The Gloversville City Council adopted a $15.4 million budget for 2013 on Tuesday night that, like the 2012 budget, carries no tax increase.
“It has no new taxes, no layoffs and no decrease in services,” said Mayor Dayton King.
The property tax rate for 2013 will remain at $21.71 per $1,000 of assessed property value, meaning a $2,171 city tax bill for a home assessed at $100,000.
The tax levy — the amount of money raised from property taxes — will be $7.7 million in 2013, up $9,000. The city remains at approximately 97 percent of its constitutional taxing limit.
The council balanced the budget by tapping $543,324 from the city’s fund balance, King said, leaving approximately $1 million in the account, which is a reserve of money unspent in previous budget years.
“We have a decent-sized fund balance. Since I have been in office, I have increased the fund balance 80 percent,” said King, an independent who won a four-way contest for mayor in 2009 by 147 votes.
King said the city grew its fund balance by using a mail order prescription drug provider and switching health insurance plans for staff, by saving money on salt and overtime due to a mild winter and by not granting raises to staff for several years. The city has also reduced its debt over the years and therefore is not spending as much on interest.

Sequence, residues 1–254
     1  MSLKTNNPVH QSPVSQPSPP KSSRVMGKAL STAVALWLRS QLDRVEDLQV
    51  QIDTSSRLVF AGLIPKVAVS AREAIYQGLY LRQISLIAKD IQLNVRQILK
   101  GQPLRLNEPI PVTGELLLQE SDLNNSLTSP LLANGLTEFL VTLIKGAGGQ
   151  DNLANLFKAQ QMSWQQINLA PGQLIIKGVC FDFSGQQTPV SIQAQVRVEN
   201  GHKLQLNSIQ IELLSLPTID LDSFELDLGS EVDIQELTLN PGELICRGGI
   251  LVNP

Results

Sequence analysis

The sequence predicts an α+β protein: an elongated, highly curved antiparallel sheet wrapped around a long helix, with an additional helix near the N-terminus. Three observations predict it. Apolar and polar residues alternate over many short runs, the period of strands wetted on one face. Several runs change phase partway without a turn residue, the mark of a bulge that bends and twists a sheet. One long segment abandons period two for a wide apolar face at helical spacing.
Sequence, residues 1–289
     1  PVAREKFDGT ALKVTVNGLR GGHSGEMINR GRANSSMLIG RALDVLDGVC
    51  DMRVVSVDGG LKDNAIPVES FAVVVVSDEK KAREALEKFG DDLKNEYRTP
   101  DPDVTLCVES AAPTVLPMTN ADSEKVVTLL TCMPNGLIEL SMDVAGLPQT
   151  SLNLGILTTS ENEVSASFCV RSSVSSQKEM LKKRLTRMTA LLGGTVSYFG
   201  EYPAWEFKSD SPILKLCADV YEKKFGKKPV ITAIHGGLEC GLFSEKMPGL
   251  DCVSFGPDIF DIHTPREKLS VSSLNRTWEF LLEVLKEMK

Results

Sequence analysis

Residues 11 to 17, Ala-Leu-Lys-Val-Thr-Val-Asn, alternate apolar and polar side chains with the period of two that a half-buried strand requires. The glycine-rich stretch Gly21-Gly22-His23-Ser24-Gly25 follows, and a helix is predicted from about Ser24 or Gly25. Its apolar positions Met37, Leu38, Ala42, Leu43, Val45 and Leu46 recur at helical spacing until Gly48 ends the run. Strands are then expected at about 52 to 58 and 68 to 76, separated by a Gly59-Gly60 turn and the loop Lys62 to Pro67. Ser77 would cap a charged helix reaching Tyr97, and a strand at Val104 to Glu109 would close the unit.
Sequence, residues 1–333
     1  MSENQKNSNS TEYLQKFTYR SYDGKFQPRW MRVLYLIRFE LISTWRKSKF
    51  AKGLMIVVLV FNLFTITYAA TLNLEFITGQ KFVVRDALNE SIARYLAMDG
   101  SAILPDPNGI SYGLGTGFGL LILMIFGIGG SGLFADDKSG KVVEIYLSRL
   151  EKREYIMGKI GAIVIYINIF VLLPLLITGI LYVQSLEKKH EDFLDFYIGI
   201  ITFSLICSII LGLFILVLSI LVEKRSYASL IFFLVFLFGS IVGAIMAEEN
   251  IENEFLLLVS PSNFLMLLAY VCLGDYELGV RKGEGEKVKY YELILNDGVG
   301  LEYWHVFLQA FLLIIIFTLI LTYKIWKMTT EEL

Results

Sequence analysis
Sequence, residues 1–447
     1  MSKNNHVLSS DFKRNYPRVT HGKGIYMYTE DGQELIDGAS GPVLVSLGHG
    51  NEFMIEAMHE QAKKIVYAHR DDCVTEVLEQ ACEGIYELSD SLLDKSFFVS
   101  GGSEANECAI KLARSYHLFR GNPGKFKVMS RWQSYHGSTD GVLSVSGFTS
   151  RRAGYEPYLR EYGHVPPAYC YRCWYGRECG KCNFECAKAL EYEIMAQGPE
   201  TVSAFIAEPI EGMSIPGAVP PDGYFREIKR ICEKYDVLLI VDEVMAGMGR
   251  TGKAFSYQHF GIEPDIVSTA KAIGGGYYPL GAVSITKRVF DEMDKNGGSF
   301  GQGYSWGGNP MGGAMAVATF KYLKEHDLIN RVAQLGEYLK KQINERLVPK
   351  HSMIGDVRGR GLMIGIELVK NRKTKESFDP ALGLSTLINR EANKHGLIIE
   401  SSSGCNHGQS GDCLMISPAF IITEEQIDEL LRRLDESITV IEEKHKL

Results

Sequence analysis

“We are not spending money when we did not need to, quite honestly,” the mayor said.
The initial budget came in with department requests that exceeded revenue projections by $1 million, King said. He closed the gap by:
• Eliminating $150,000 in retroactive raises for city police officers. King said police already received “raises” when they won an arbitration hearing last year that required the city to retroactively pay officers double their daily pay for working on holidays.
• Removing $1 million from the Fire Department budget for a vehicle that combines the functions of a typical pumper and an aerial ladder. King said the city is looking to purchase a used firetruck from the Guilderland Fire Department for $250,000 that combines ladder and tanker capabilities.
Going forward, King said the city’s fiscal picture should brighten with the opening next year of the Walmart supercenter off Harrison Street Extension. The city is hoping to collect $150,000 in sales tax revenue annually from the facility. In total, the city expects to collect $2.4 million in sales tax revenue, up from the 2012 projection of $2.3 million.
Based on those preliminary figures, King said he hopes to be able to offer a tax decrease in 2014; he will prepare that budget next year when he would run for re-election.
“It won’t be large, but we will be working in the direction” of a tax decrease, he said.
In recognition of the city’s brightening financial picture, Moody’s Investors Service last January upgraded Gloversville’s bond rating from junk status to investment grade, a two-notch jump that reflects stability in the city’s finances.
Moody’s said it raised the city’s rating to Baa2 on outstanding bonds totaling $5.6 million, based on Gloversville’s ability to generate adequate reserves and manage its fiscal operations. The upgrade is the first since 2005, when Moody’s dropped the rating on Gloversville’s bonds to Ba1, a ranking considered speculative for investors.
Investment grade, on the other hand, means banks can invest in the bonds because Gloversville can meet payment obligations.